Fulham have had a fine return to the Premier League, but gnawing away at their heart will be the knowledge that it could have been even better. Marco Silva’s men remain in the dizzying heights of sixth but Aleksandar Mitrovic could have marked his return to Newcastle with a winner had his penalty not been disallowed for two touches as he slipped at the critical moment and even the consolation prize of a point slipped away in the last minute when Alexander Isak headed in the simplest goal he’ll ever score after Callum Wilson had kept alive a Sean Longstaff cross. It was the fourth time Fulham had lost in the 89th minute or later against a top four side this term and a seething Silva was shown a yellow card for remonstrating with Rob Jones after the final whistle.
Had Mitrovic’s bizarre penalty – that ended up in the net via his right and then left foot – stood, Silva might well have followed the fabulous win over Chelsea on Thursday night with a classic smash and grab raid at St. James’ Park. Defeat felt harsh on Fulham., who had 48 hours less than their hosts to prepare for this fixture and had forced Eddie Howe to throw on attacking substitutes in a desperate attempt to avoid three successive scoreless league stalemates for the first time since 1980. The denouement was doubly devastating for Issa Diop, who had been immense at the heart of the visiting back line, but failed to track Wilson’s run to the far post. The ball broke off the England forward, then the Fulham defender and ballooned up for Isak to nod into an unguarded goal.
Silva’s rage on the touchline grew gradually threw the added time that followed. Both he and Luis Boa Morte got increasingly worked up about the fourth official’s tardiness in permitting Fulham to make a triple change – and then watched as Newcastle used up an age with changes of their own. Jones played only a couple of minutes beyond the five minutes that were displayed – despite a number of other stoppages – and Boa Morte found himself in the unfamiliar role of peacemaker in the centre circle. The Portuguese pair’s frustration was palpable; probably because the Londoners had the opportunity to win this game in the palm of their hands and fluffed it.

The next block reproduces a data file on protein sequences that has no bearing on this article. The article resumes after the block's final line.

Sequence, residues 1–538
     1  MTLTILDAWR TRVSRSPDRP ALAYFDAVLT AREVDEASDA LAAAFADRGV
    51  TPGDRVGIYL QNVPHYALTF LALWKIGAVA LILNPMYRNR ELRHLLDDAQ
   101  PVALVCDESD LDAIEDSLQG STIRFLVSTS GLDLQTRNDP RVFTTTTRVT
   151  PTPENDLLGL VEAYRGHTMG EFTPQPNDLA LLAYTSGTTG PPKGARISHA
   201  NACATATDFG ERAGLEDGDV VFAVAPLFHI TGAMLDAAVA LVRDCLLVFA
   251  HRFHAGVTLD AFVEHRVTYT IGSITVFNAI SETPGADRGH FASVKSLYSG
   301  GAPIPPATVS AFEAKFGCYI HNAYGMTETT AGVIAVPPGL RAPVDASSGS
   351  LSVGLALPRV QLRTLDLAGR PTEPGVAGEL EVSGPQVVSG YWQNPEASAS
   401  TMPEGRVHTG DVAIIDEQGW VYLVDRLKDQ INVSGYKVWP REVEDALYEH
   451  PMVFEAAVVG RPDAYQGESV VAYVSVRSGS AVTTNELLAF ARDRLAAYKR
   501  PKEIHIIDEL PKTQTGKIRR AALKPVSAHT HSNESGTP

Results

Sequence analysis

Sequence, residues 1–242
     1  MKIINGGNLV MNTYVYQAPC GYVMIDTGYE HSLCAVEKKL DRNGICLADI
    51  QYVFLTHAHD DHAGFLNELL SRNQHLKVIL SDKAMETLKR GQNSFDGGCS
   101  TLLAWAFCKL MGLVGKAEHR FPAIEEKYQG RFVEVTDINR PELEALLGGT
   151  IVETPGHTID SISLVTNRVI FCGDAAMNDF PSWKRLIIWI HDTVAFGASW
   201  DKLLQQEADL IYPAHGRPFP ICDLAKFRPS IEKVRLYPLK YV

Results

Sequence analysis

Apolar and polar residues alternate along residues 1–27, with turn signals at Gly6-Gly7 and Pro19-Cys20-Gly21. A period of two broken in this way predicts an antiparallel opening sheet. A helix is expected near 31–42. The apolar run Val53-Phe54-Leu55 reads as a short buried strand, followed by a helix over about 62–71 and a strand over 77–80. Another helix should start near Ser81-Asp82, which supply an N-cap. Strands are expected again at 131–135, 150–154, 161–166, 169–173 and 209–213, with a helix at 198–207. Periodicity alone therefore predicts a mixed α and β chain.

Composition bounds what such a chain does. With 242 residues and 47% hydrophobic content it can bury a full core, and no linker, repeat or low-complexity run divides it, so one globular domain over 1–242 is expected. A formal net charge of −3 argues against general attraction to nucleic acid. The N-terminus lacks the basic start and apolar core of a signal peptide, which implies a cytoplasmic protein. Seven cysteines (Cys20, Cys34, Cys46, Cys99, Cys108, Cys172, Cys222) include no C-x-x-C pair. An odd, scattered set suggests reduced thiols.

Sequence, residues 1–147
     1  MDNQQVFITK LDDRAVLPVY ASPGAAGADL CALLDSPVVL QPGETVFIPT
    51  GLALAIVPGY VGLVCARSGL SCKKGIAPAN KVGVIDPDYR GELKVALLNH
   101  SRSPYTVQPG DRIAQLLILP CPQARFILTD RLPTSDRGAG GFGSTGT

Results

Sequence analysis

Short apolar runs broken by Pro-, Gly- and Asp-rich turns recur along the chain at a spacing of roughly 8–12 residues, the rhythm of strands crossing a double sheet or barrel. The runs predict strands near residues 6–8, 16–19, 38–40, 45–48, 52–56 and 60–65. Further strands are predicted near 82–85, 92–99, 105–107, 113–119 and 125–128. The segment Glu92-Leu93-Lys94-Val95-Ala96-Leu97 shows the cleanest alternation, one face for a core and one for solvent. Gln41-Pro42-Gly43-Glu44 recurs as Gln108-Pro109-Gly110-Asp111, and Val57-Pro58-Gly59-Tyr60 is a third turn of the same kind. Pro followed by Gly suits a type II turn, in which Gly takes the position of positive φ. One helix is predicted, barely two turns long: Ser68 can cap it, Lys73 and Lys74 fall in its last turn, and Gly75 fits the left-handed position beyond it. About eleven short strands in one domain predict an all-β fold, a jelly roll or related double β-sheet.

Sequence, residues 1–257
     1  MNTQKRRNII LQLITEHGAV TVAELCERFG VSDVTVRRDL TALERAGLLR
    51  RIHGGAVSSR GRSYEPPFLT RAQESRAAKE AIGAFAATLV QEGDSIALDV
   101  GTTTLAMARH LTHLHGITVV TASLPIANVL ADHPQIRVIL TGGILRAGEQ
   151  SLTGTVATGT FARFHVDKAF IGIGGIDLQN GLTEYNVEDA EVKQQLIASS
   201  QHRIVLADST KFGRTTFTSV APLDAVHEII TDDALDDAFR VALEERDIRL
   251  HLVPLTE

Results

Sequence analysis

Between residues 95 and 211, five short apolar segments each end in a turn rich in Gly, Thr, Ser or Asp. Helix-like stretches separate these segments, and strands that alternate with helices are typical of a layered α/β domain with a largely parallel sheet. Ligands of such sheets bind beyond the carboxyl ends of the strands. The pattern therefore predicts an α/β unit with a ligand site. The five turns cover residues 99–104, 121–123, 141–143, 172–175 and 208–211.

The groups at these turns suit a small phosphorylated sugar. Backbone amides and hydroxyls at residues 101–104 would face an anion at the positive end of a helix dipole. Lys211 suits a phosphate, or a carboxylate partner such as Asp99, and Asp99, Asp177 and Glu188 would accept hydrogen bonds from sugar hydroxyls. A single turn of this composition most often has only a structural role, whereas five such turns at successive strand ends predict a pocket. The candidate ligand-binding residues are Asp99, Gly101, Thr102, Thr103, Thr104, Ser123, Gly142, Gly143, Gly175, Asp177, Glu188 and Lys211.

Jones, in the midst of an erratic refereeing performance, had missed Kieron Trippier’s foul on Bobby Decordova-Reid after waving away a shout for a penalty when Dan Burn appeared to haul down Andreas Pereira. It took the video assistant referee to rectify matters and Mitrovic had to wait an age to take the spot-kick, with gamemanship from Nick Pope and Trippier’s trenchant protests delaying matters. It had initially appeared as though Pereira, who scored from the spot in Mitrovic’s absence at Manchester City in November, might step up again – and Fulham may well rueing his failure to do so.
The visitors had started brightly, underlining their intention not just to nullify Newcastle but to embrace another opportunity to shine on the big stage. Several spearmint shirts got forward to support Mitrovic in the early stages, with Kenny Tete spooning a shot high into the Gallowgate End, as the Magpies struggled initially to assert themselves on proceedings. Diop did produce a brilliant block to thwart Longstaff before Bernd Leno spread himself to deny Callum Wilson twice and the hosts’ hopes were not helped by Bruno Guimaraes limping off in tears at half-time having bravely battled an ankle problem for much of the first period.
Newcastle gained a great deal of joy down the right flank but Trippier’s teasing deliveries were uncharacteristically off target for much of the afternoon. He wasted one free-kick from a promising position before the break and that prompted Fabian Schar to assert his right as skipper to take the next one. The tall defender took everyone by surprise and struck the base of Leno’s far post before Miguel Almiron’s follow-up was deflected wide.
Mitrovic was already celebrating a first goal against his former employers when Jones chalked off his spot-kick – and that only served to raise the decibel levels inside St. James’ Park. It looked as if Newcastle would be frustrated by a diligent Fulham defensive display, especially after Allan Saint-Maximim shot wide following unselfish forward play by Wilson. But their luck changed in the last minute. Trippier teed up Longstaff for a deep cross and Wilson’s header deflected off Diop and left Isak with the whole goal into which to plant a close-range header. The punishing nature of the Premier League penalises any mistake – but the Whites shouldn’t be too downcoast after another afternoon of admirable endeavour.
NEWCASTLE UNITED (4-3-3): Pope; Trippier, Burn, Schar, Botman; S. Longstaff, J. Willock (Isak 71), Guimaraes (Saint-Maximin 45); Almiron (Jacob Murphy 85), Joelinton, C. Wilson (Wood 90+6). Subs (not used): Dubravka, Lewis, Manquillo, Lascelles, Ritchie.
GOAL: Isak (89).
FULHAM (4-2-3-1): Leno; Tete, Kurzawa, Diop (Vinicius 90+2), Ream; Palhinha, Reed (Cairney 90+2); Decordova-Reid (H. Wilson 90+2), Willian (James 77), Pereira (Adarabioyo 77); Mitrovic. Subs (not used): Rodak, Chalobah, Harris, Solomon.
BOOKED: Kurzawa, Ream, Pereira.
REFEREE: Rob Jones (Merseyside).